Spotlight on: Cecilia

Cecilia! You’re breaking my heart! You’re name meaning’s causing some problems! 🎶🎶🎶

Not for everyone, certainly — Cecilia’s definitely one of those names that’s generally favored by parents wanting an obvious saintly name (I included it my list of unmistakably Catholic girl names), and I know lots of Catholic families with little Cecilias. St. Cecilia was a martyr for refusing to sacrifice to false gods; she was the first incorruptible saint; she’s in the Canon of the Mass; and she’s the patroness of music, musicians, musical instrument makers, and singers (among other things), which makes her name perfect for a music-loving couple to consider for their daughter. She was a strong, holy woman, and her name is lovely and feminine. There’s a lot to recommend Cecilia! But I’ve heard from multiple parents who have a hard time getting past its definition of “blind.”

One reader emailed recently about this issue — she would very much like to consider the name, but said, “I just cannot get past the meaning of ‘blind.’ A positive meaning is a must for me … I was just thinking that knowing more about the origins of Cecilia might change my heart a bit.” Of course! Let’s get to the root of the problem! We know it derives from the Latin for “blind,” but why? Who was the first to be named “blind,” and why were they?

Based on my research, I’m going to argue that the definition of “blind” no longer applies to this family of given names. From what I can gather, Cecilia is the feminine form of a Roman gens (or “clan”) name, which originally — in ancient days — was taken from a mythological figure, Caeculus, who was a king mentioned in the Aeneid, and his name was indeed intended to mean “little blind one” (from the Latin word for blind) because part of his mythology was that he showed mastery over fire (and in fact his mother was said to have been impregnated by a spark of fire), but the smoke did affect his eyes, hence the name of “little blind one.” He was really a figure of divinity and strength, and I’m sure the Roman clan didn’t fuss about the meaning of “blind” (otherwise they would have changed their name, right? Or not chosen Caeculus as their “ancestor” in the first place?). (I’m getting this info from Wikipedia, hoping that it’s accurate!  I also read this.)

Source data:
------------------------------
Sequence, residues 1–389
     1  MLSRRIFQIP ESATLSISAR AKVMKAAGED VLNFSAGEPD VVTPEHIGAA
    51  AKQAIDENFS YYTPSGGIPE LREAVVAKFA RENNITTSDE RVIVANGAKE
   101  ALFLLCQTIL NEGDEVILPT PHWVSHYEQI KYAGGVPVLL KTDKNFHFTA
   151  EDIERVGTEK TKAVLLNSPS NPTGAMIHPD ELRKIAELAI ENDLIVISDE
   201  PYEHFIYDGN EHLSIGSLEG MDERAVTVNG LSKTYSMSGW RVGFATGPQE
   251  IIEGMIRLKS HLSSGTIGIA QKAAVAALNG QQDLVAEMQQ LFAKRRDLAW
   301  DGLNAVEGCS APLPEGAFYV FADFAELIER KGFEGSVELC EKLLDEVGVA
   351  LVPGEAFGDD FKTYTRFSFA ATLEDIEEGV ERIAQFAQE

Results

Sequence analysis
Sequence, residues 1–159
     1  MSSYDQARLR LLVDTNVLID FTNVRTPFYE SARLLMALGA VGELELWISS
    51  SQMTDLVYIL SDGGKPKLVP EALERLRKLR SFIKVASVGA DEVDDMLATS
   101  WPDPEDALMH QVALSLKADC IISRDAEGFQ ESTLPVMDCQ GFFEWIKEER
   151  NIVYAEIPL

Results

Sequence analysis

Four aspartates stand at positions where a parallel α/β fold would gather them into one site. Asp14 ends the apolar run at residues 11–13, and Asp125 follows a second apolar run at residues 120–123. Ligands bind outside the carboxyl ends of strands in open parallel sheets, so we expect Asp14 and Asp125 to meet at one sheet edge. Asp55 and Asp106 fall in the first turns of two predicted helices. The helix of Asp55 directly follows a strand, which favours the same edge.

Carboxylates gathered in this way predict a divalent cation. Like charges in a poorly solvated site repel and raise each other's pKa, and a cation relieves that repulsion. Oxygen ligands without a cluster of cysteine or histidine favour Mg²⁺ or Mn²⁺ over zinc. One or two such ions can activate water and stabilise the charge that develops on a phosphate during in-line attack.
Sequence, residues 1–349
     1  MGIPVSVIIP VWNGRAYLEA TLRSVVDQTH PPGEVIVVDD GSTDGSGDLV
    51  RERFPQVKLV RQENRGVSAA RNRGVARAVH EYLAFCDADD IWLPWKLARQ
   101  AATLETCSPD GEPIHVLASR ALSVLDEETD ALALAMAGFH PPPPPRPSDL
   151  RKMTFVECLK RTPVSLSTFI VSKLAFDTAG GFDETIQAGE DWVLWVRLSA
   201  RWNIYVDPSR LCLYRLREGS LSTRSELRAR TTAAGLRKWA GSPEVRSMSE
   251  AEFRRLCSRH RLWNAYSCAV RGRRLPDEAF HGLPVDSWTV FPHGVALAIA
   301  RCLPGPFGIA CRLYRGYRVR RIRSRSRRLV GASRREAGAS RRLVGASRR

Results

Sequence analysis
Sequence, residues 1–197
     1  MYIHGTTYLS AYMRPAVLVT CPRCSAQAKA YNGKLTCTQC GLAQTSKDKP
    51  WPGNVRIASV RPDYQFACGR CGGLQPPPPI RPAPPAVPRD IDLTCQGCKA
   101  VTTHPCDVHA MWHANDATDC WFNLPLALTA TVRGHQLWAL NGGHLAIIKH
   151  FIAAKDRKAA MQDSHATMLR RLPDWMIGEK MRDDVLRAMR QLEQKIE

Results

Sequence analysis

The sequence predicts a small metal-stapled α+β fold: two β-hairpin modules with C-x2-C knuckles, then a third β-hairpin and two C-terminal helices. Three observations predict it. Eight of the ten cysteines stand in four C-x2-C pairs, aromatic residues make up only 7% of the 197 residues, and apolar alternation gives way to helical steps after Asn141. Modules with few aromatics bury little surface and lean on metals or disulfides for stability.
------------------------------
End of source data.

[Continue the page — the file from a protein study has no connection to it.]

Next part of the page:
So really, I think the name originally persisted because of that clan, and that family doesn’t mean “blind,” they mean whatever would come to mind when those who were familiar with them would hear their name, you know? Like, my last name is Towne, but I’m sure when people see or hear my name they don’t think “town, village, enclosure,” which is what the name originally meant. Or if they do, it’s a fleeting thought that’s quickly replaced by whatever comes to mind when they think of *me.* This is all what I tried to articulate in the article I wrote about name “definitions” vs. name “meanings”.

So if the original people with this name were able to look past the meaning of “blind,” and be powerful despite their name’s origin (and there’s even a goddess [of sorts] known as Caia Caecilia), even more so can those who have no connection to them or their origins (mythological or otherwise), and in fact have new connotations that are intimately tied up in the name Cecilia. Because I’m sure it’s only name nerds (and Latin ones too, I suppose) who know that Cecilia means “blind” — other Catholics know that it means “patroness of musicians,” and non-Catholics might know that there’s a musical connection, or they might just know it as a pretty name.

Now that I’ve convinced you all that blindness has nothing to do with St. Cecilia, in an interesting twist I just read this post that says St. Cecilia was born blind, and this post, which says, “The name Cecilia means blind and so, although we don’t know if she herself couldn’t see, she is also the Catholic patron saint of the blind.” None of this info (her being blind, or her being patroness of those who are blind) is included anywhere on (which is where I usually turn for my saint info). In fact, I’d assumed that she’s known as Cecilia because she was a member of that Roman gens, and The Catholic Encylopedia at New Advent seems to support that hypothesis when it refers to “the family of St. Cecilia (Gens Caecilia).”